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A police officer stands at the top of the steps inside Lakewood Church on Feb. 18, 2024, in Houston. (AP) A police officer stands at the top of the steps inside Lakewood Church on Feb. 18, 2024, in Houston. (AP)

A police officer stands at the top of the steps inside Lakewood Church on Feb. 18, 2024, in Houston. (AP)

Grace Abels
By Grace Abels February 26, 2024

If Your Time is short

  • After a shooting at a Houston church, several social media users began claiming the shooter was transgender. Police said  “she has been identified this entire time as female.”

  • Experts in extremism, domestic terrorism, and mass shootings told us data does not support the assertion that “trans terrorism” or LGBTQ+ extremist violence is increasing.

  • Mass shootings are most commonly perpetrated by young men. Experts say most extremist attacks in the past few decades have been motivated by right-wing ideologies.

Genesse Ivonne Moreno entered a Houston megachurch on Super Bowl Sunday and began firing an AR-style rifle at worshippers, police said. Investigators were still piecing together details from the violent scene — celebrity pastor Joel Osteen’s Lakewood Church — when social media claims focused on the shooter’s gender.

"The Lakewood Church shooter was transgender," the popular Libs of TikTok X account posted Feb. 12. "He went by the name ‘Genesse’ and previously ‘Jeffrey.’" The post included what appeared to be part of a criminal record listing numerous aliases, some of which were male names. The post has 1.2 million views as of Feb 22. 

(Screenshot of X post)

Some users on X claimed Moreno, 36, was a trans woman; others claimed she was a trans man. Fox News included the detail in a headline, writing in a story that the shooter was "born as a man." (Fox News has since changed the headline and story).

A day after the Feb. 11 attack, the Houston Police Department acknowledged reports that Moreno had used the alias Jeffery Escalante, but Cmdr. Christopher Hassig, who leads the police department’s homicide division, said in a press conference that "through all of our investigation to this point … she has been identified this entire time as female … so we are identifying her as Genesse Moreno, Hispanic female."

Hassig also said there was a sticker on the weapon that said "Palestine" and police uncovered  "anti-semitic writings" during their investigation.

Moreno died at the scene after exchanging gunfire with two off-duty police officers. Two other people were injured, including Moreno’s 7-year-old son, The Associated Press reported.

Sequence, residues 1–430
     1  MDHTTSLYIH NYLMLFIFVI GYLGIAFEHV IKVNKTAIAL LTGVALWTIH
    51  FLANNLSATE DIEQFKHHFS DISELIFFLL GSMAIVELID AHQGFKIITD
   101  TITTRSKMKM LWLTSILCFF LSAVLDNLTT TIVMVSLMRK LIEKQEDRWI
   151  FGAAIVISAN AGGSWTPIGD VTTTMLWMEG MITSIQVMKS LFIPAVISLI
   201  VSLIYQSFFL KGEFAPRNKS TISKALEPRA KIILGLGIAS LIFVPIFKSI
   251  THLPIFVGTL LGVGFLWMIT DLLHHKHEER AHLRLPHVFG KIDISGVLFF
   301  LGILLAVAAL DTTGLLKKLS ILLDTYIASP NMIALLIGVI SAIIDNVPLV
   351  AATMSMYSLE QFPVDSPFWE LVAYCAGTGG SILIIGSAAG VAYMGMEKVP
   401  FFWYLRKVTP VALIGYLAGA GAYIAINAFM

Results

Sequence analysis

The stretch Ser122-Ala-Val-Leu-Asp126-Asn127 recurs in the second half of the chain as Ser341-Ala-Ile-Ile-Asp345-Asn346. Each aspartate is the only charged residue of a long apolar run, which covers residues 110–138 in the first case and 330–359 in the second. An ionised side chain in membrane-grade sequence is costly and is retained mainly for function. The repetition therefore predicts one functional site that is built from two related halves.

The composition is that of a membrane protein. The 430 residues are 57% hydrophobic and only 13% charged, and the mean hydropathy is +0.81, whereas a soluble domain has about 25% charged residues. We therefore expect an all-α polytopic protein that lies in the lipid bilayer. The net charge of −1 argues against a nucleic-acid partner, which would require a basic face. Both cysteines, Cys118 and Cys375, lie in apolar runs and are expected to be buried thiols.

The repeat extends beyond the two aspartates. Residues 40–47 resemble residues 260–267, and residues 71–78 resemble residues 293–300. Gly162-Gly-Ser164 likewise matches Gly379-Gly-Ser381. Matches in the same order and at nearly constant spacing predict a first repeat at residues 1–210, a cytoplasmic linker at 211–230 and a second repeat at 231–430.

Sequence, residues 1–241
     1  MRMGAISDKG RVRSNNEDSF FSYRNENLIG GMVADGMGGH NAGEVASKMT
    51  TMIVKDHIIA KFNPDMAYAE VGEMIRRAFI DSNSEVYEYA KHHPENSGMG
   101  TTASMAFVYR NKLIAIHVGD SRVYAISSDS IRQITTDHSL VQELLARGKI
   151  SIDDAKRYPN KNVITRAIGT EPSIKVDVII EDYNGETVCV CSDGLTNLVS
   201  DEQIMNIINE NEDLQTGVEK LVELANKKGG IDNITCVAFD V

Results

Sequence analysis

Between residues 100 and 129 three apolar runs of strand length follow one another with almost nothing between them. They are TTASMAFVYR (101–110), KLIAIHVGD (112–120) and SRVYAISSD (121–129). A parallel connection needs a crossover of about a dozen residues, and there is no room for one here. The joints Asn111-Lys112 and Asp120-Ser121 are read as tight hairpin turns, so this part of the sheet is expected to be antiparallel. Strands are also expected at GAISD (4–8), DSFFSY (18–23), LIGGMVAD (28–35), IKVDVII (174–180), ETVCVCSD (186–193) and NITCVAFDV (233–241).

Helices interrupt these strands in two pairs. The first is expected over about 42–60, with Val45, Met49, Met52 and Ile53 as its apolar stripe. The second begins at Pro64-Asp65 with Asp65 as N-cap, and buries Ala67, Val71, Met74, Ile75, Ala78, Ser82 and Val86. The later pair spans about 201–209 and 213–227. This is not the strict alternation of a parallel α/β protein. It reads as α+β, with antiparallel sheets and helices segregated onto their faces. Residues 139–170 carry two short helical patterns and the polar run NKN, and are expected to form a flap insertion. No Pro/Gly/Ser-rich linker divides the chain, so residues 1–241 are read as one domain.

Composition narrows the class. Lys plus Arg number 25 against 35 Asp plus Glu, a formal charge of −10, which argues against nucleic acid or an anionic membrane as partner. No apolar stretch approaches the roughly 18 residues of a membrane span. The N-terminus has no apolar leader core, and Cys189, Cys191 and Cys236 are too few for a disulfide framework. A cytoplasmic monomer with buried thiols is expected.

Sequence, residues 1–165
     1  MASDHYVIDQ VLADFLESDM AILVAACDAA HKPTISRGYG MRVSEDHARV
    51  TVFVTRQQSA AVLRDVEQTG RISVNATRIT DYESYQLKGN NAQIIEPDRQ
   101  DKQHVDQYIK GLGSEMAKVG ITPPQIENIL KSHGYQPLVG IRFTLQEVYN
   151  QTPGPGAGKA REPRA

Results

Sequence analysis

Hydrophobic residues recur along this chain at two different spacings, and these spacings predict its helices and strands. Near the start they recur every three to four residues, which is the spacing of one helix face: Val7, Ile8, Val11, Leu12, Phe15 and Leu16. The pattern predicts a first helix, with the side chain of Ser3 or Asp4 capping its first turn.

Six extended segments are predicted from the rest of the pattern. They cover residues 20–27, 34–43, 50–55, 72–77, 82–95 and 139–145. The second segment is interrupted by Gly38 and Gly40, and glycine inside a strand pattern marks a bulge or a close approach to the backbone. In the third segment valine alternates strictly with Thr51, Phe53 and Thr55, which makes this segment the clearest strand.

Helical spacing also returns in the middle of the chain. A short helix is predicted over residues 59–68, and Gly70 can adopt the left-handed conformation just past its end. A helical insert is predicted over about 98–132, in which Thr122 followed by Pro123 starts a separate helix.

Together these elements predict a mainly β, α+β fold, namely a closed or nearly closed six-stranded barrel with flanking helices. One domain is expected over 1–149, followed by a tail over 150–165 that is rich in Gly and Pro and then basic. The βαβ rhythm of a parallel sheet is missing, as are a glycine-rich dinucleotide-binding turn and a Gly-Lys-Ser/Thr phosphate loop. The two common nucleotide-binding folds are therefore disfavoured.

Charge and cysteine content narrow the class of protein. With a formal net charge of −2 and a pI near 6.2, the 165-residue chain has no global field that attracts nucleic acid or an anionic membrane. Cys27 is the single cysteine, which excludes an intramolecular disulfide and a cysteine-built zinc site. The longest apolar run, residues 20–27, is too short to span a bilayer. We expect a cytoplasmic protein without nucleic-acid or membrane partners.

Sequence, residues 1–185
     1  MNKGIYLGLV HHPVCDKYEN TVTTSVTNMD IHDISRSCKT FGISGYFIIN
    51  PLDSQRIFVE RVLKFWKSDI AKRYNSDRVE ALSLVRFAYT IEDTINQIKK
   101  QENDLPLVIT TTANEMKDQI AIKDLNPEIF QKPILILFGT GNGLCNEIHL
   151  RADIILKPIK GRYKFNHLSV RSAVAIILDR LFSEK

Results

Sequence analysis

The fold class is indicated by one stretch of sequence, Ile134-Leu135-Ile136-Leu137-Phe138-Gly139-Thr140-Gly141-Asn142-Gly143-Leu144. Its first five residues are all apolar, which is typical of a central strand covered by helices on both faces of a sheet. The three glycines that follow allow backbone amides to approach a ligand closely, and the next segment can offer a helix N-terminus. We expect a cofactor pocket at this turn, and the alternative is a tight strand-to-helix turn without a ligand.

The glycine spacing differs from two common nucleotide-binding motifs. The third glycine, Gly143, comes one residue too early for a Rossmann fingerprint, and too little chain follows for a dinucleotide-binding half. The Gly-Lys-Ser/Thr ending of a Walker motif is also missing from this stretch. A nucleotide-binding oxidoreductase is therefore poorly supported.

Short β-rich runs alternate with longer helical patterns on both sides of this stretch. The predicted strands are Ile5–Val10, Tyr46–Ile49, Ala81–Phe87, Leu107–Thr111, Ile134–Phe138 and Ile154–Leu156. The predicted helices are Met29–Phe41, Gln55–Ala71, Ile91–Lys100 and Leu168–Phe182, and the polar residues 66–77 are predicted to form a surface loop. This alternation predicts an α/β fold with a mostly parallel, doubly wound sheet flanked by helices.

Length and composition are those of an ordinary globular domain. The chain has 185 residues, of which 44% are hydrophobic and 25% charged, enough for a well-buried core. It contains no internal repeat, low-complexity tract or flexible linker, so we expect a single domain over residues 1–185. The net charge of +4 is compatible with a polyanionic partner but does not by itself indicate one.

The claim that Moreno was transgender prompted a flurry of posts from conservative influencers stating that this incident signaled that the LGBTQ+ movement was transforming youth into violent terrorists.

"One thing is VERY clear: the modern LGBTQIA+ movement is radicalizing activists into terrorists, and it’s only getting worse," conservative influencer Benny Johnson wrote on X on Feb. 12.   

Libs of TikTok described a "trans terrorist epidemic" and wrote on X that "the LGBTQ movement is turning activists into violent extremists."

A year ago, we examined similar claims following a deadly shooting at a Nashville, Tennessee, school. Extremism and domestic terrorism experts told PolitiFact they knew of no widespread threats of growing radicalization or violence from the trans population.

A year later, the experts’ views remain the same.

No evidence the LGBTQ+ movement is turning youth into terrorists 

Experts said data shows far-right extremism — not LGBTQ+ violence — is increasing and outpaces terrorism from other perpetrators.

In 2020, the Center for Strategic & International Studies, a nonprofit policy research organization, analyzed 893 terrorist incidents (attempted and foiled) from 1994 to 2020 and found that "right-wing attacks and plots accounted for the majority of all terrorist incidents in the United States," in that period. In 2019, they accounted for almost two-thirds of all incidents, researchers said.

The report defined "right-wing terrorism" as "the use or threat of violence by sub-national or non-state entities whose goals may include racial or ethnic supremacy; opposition to government authority; anger at women … and outrage against certain policies, such as abortion."